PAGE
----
Promoting Decent Work in Global Supply Chains in Latin America and the Caribbean: Key Issues, Good Practices, Lessons Learned and Policy Insights

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The report is based on a desk-based review, drawing upon existing studies of global supply chains (GSCs) to examine their impacts and implications for the development of domestic firms, their contribution to productive transformation and structural change and their impacts on the quantity and quality of jobs in the LAC region. It situates the expansion of GSCs in the region within an analytical framework that recognizes both the economic and social upgrading dimensions and the impacts on firms and workers. Special attention is given to the mechanisms for governing the terms and conditions of engagement between firms and between firms and workers in GSCs, with the aim of identifying ways to jointly pursue the goals of raising competitiveness and of promoting productive employment and decent work.







Gereffi, G, P Bamber and K Fernandez-Stark (2016). Promoting Decent Work in Global Supply Chains in Latin America and the Caribbean: Key Issues, Good Practices, Lessons Learned and Policy Insights. Retrieved from



Gary Gereffi

Professor Emeritus of Sociology

Gary Gereffi is Emeritus Professor of Sociology and Director of the Global Value Chains Center at Duke University (  He has published over a dozen books and numerous articles on globalization, industrial upgrading, and social and economic development, and he is one of the originators of the global value chains framework.  His most recent books are:  Handbook on Global Value Chains (co-edited by Stefano Ponte, Gary Gereffi and Gale Raj-Reichert), Cheltenham, UK: Edward Elgar Publishing. 2019); and Global Value Chains and Development: Redefining the Contours of 21st Century Capitalism (Cambridge University Press, 2018).  Current projects include:  (1) the impact of U.S. protectionism on jobs and regional trade agreements; (2) evaluating how the digital economy and Industry 4.0 are likely to affect international business strategies and industrial upgrading; and (3) shifting regional interdependencies in East Asia and North America, with a focus on China, South Korea and Mexico vis-à-vis the United States.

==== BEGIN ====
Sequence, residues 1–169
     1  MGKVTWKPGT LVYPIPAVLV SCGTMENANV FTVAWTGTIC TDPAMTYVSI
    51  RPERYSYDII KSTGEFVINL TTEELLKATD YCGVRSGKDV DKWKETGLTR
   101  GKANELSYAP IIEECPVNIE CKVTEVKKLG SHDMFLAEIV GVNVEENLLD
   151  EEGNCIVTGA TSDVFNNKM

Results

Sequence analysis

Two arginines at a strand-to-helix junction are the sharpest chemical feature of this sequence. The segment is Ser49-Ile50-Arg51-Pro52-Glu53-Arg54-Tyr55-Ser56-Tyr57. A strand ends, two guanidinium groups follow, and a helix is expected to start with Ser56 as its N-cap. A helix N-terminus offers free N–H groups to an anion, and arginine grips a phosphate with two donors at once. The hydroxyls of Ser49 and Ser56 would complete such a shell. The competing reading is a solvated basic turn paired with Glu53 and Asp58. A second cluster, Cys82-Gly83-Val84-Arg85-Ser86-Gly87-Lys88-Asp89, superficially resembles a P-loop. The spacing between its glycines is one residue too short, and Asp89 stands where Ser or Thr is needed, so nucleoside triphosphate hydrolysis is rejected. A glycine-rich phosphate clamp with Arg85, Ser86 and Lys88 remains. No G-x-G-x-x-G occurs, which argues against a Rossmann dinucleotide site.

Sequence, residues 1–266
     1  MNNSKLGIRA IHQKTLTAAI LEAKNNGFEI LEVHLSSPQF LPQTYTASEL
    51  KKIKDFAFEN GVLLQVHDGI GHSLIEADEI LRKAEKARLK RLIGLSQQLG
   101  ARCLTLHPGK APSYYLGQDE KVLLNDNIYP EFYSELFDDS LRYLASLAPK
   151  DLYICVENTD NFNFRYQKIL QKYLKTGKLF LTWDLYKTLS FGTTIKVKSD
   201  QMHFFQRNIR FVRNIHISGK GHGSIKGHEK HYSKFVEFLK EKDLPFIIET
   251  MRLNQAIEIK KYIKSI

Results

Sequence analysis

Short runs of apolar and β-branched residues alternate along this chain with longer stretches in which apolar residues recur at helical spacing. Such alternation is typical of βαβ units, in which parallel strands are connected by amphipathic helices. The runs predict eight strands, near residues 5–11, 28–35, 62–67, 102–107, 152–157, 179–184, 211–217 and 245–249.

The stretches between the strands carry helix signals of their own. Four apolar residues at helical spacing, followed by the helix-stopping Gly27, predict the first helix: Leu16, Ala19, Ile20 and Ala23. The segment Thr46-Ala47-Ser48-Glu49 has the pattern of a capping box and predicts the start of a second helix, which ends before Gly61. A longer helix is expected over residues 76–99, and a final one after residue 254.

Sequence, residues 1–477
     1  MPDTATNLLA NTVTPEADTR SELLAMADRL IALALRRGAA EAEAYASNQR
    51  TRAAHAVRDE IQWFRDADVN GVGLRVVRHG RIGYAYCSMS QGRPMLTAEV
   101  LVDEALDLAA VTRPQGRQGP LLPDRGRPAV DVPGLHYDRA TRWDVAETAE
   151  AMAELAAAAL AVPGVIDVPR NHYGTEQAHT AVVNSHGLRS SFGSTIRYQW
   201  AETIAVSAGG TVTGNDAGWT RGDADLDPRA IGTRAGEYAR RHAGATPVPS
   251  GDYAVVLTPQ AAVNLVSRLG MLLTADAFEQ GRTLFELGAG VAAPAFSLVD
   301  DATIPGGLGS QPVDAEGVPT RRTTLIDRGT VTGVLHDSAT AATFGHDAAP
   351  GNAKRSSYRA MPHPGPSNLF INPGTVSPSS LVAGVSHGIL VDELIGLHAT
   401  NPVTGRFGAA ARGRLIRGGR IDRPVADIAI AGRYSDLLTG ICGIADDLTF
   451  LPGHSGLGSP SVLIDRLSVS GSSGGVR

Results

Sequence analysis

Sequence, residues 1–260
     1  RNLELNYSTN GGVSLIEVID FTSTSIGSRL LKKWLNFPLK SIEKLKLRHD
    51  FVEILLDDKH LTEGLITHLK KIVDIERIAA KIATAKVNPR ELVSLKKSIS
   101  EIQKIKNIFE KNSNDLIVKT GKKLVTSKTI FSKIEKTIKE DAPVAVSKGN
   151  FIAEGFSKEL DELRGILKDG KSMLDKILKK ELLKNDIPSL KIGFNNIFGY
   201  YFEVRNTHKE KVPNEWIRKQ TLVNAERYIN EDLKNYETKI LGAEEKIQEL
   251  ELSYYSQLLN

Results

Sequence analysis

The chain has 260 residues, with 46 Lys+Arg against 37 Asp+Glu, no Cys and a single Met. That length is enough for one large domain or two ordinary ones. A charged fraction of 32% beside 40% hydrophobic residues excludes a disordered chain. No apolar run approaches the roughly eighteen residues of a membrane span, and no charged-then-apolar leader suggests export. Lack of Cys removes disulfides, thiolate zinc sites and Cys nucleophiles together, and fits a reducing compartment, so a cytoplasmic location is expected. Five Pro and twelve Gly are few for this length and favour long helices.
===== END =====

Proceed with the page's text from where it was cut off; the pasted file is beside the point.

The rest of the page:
Karina Fernandez-Stark


Karina is an expert on global value chain analysis, with more than 15 years of experience leading numerous research projects related to economic development and competitiveness around the world. Her consulting is action-oriented, focused on leveraging academic research into tangible sustainable development outcomes and building capacity of policymakers around the world. She has consulted for the World Bank, Inter-American Development Bank, OECD, UNCTAD, ECLAC, and the African Development Bank amongst others. Karina's areas of expertise cover a wide range of economic sectors including agriculture, manufacturing, mining and services. She is a globally recognized specialist in policy development for trade, competitiveness, skills development, gender and SMEs contributing to more gainful participation of developing countries in the global economy.

Karina authored the highly-cited book “The Global Value Chain Analysis: A Primer” and together with Gereffi & Bamber, she recently published the edited volume "China's New Development Strategies: Upgrading from Above and Below in Global Value Chains." She has published widely on industrial upgrading and social and economic development. Her research continuously brings a policy focus, advising governments on different continents. Karina has conducted numerous Global Value Chains workshops in Africa, Asia and the Americas both online and in-person. She designed and developed a GVC manual in Spanish for economic development researchers in Latin America. Karina is Chilean and holds a Bachelor’s degree in Journalism and Political Science and a Master’s degree in International Development Policy from Duke University.

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